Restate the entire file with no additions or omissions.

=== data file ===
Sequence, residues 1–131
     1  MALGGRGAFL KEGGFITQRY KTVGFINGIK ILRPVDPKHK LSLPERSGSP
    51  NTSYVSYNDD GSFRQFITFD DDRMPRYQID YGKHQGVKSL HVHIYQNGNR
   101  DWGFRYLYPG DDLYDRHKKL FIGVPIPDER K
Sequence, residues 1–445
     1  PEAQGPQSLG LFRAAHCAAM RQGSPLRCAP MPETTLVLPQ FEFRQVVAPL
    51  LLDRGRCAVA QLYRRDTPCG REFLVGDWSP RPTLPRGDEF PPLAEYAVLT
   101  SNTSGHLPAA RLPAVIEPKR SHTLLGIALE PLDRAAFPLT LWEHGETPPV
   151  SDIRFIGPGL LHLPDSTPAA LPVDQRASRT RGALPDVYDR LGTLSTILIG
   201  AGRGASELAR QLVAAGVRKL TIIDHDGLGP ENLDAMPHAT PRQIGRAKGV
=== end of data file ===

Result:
Sequence, residues 1–131
     1  MALGGRGAFL KEGGFITQRY KTVGFINGIK ILRPVDPKHK LSLPERSGSP
    51  NTSYVSYNDD GSFRQFITFD DDRMPRYQID YGKHQGVKSL HVHIYQNGNR
   101  DWGFRYLYPG DDLYDRHKKL FIGVPIPDER K
Sequence, residues 1–445
     1  PEAQGPQSLG LFRAAHCAAM RQGSPLRCAP MPETTLVLPQ FEFRQVVAPL
    51  LLDRGRCAVA QLYRRDTPCG REFLVGDWSP RPTLPRGDEF PPLAEYAVLT
   101  SNTSGHLPAA RLPAVIEPKR SHTLLGIALE PLDRAAFPLT LWEHGETPPV
   151  SDIRFIGPGL LHLPDSTPAA LPVDQRASRT RGALPDVYDR LGTLSTILIG
   201  AGRGASELAR QLVAAGVRKL TIIDHDGLGP ENLDAMPHAT PRQIGRAKGV